Luckily, this anomaly won’t be around for much longer. Standard & Poor’s is giving REITs their own standalone sector, and presumably the State Street Select Sector SPDR ETFs will follow suit. (The SPDR ETFs do deviate from time to time. For example, telecom and technology, which S&P breaks into two sectors, share a single SPDR ETF.)
Health Care Select Sector SPDR (XLV)
Next up is the Health Care Select Sector SPDR (NYSEARCA:XLV). The Health Care ETF has been one of the very best performers, generating annualized 28.1% returns over the past three years and 8.5% annualized returns since the inception of the SPDR series in 1998. 28.1% annualized returns are the stuff of 1990s dot-com memory, yet came from one of the S&P 500’s more conservative sectors.
Call it the Obamacare trade.
What you get with XLV is a who’s who list of big pharmaceutical companies like Johnson & Johnson (NYSE:JNJ), Pfizer Inc. (NYSE:PFE) and Merck & Co., Inc. (NYSE:MRK). You also get exposure to the bigger and more established biotech names, like Gilead Sciences, Inc. (NASDAQ:GILD) and Amgen, Inc. (NASDAQ:AMGN), and to health insurance companies.
What you are distinctly not getting is a good dividend payer. The days when the health sector was considered a high-yield sector are over. XLV is one of the lowest-yielding sector funds with a dividend yield of just 1.3%.
Industrials Select Sector SPDR (XLI)
Next we get to the Industrials Select Sector SPDR (NYSEARCA:XLI). Despite being considered a cyclical sector, the industrials have managed to put up consistent and respectable returns over the life of the SPDR series. Over the past three-, five- and 10-year periods, XLI generated returns of 18%, 17.1% and 7.8%, respectively.
The holdings here are going to include household names like General Electric Company (NYSE:GE) — a company that is thankfully getting back to its industrial roots and leaving its experimentation as a bank in the past.
3M Co (NYSE:MMM), Boeing Co (NYSE:BA) and Lockheed Martin Corporation (NYSE:LMT) also make the top 10, as you might expect. But XLI also has quite a few stocks that you might not think of as “industrials,” per se, including airlines like Delta Air Lines, Inc. (NYSE:DAL) and parcel companies like United Parcel Service, Inc. (NYSE:UPS).
And somewhat bizarrely, white-collar headhunting firm Robert Half International (NYSE:RHI) makes the list as well.
Don’t expect much in the way of dividends with this ETF. At 1.8%, its yield is about in line with the broader S&P 500.
Materials Select Sector SPDR (XLB)
Next on the list is the Materials Select Sector SPDR ETF (NYSEARCA:XLB). XLB’s performance over its life has been quite good, roughly doubling the return of the S&P 500 since inception in 1998.
This sector ETF is not at all what it sounds like. When you hear “materials,” you expect a portfolio full of mining companies. But the materials sector ETF is more diverse than that. Chemical companies E I Du Pont De Nemours And Co (NYSE:DD) — which most know better as DuPont — and Dow Chemical Co (NYSE:DOW) are the first and third largest holdings, at 11.5% and 8.9% of the portfolio, respectively. Agribusiness giant Monsanto Company (NYSE:MON) fills in the gap at No. 2, with 9.5% of the portfolio.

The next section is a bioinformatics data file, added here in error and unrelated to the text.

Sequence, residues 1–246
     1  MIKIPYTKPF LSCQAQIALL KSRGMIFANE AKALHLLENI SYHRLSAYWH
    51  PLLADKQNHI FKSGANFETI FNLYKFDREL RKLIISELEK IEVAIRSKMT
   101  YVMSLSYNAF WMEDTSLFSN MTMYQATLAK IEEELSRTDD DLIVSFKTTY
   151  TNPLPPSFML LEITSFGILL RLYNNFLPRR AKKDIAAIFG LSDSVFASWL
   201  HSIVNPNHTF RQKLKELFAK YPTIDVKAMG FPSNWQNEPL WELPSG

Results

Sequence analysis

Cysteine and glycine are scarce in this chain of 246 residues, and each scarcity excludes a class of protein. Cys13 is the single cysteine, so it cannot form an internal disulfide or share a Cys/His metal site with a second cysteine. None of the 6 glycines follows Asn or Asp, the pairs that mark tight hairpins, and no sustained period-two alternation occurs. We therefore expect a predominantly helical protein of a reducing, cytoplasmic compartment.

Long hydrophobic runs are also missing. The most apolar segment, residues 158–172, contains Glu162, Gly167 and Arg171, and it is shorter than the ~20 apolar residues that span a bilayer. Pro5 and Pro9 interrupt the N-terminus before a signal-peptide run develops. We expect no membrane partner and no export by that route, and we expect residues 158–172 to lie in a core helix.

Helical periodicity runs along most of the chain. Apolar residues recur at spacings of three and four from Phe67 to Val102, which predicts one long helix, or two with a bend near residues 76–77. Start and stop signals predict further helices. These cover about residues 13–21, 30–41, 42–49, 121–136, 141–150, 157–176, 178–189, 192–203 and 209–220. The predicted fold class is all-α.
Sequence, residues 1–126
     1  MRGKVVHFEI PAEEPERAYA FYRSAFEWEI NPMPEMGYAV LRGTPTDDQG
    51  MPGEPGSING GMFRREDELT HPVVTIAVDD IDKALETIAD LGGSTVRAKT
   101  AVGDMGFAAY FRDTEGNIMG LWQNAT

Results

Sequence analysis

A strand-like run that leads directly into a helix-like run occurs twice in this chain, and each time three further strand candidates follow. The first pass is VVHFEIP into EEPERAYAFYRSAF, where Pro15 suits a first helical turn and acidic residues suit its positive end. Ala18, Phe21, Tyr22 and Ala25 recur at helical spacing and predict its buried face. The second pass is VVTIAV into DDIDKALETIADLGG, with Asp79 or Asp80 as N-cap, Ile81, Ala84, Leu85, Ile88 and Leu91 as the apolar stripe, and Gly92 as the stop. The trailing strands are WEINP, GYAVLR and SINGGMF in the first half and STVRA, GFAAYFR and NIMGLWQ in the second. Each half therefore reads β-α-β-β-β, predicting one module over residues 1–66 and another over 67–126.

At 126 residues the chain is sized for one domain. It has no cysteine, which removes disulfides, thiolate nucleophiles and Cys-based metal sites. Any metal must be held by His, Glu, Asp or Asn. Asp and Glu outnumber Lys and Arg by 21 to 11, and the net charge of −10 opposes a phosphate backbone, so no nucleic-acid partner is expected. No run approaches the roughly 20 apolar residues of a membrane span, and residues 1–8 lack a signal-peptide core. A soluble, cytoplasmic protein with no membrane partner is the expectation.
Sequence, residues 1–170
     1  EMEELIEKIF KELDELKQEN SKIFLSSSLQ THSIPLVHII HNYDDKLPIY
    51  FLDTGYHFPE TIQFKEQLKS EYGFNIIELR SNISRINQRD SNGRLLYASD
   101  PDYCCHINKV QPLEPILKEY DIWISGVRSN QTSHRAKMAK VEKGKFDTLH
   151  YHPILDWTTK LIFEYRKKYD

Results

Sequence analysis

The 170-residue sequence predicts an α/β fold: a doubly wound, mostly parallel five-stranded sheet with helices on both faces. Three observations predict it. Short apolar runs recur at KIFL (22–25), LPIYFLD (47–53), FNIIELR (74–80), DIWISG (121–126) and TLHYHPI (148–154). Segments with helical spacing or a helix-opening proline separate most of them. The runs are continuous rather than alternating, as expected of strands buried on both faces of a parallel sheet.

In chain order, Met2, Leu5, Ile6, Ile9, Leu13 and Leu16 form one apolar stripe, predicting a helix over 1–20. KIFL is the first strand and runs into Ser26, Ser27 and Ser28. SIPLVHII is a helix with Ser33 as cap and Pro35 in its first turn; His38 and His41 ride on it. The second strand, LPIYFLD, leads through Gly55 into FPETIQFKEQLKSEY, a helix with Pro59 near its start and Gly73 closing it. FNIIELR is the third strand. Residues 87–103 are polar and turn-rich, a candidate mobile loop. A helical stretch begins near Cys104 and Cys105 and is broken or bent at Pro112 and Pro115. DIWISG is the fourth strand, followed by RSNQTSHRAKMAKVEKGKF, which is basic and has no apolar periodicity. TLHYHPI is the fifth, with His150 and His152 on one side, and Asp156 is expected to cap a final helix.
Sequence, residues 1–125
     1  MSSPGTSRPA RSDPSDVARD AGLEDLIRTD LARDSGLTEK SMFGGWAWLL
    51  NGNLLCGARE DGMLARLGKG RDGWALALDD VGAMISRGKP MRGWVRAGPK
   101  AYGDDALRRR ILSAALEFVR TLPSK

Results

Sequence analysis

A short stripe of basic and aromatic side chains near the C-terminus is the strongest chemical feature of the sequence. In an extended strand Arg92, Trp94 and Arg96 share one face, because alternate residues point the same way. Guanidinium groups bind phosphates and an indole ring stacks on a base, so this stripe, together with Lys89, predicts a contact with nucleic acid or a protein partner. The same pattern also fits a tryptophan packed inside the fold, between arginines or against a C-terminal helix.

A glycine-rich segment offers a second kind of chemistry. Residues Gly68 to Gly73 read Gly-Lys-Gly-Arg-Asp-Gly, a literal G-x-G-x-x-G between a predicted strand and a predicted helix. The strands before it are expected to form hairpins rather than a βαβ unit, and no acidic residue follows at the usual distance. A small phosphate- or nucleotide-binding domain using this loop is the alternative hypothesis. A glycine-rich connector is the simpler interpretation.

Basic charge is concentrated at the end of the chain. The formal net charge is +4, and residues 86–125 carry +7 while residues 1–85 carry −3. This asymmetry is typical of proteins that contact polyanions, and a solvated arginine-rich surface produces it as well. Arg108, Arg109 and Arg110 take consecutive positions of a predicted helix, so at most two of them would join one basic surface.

Paper products company International Paper Co (NYSE:IP) and paint seller Sherwin-Williams Co (NYSE:SHW) also make the top ten holdings. The largest mining company in the portfolio — Freeport-McMoRan Inc (NYSE:FCX) — makes up only 3% of the portfolio.
In XLB, you get a solid portfolio of global industrial companies. You distinctly do not get a collection of volatile mines at risk of copper price swings.
Utilities Select Sector SPDR (XLU)
And finally, we get to the Utilities Select Sector SPDR ETF (NYSEARCA:XLU). The utilities sector was one of the real standouts of the last year, up about 16%. And for calendar year 2014, the utilities sector was the strongest performer of all sectors, due in no small part to the massive decline in bond yields.
As the most “bond-like” of all sectors, utilities tend to move with bond yields. This was a disaster in 2013, the year of the “taper tantrum.” And it’s shaping up to be a disaster this year, as the utilities sector is the only S&P 500 sector currently in the red year-to-date. XLU is down more than 6% since the start of the year.
But if you’re specifically hunting for high yield, you might want to keep looking. After the run XLU had, its dividend yield has fallen all the way to just 3.3%.
Charles Lewis Sizemore, CFA, is the chief investment officer of investment firm Sizemore Capital Management. Click here to receive his FREE weekly e-letter covering top market insights, trends, and the best stocks and ETFs to profit from today’s best global value plays. As of this writing, he was long AAPL, IP, KMI, MSFT, WMB and WMT.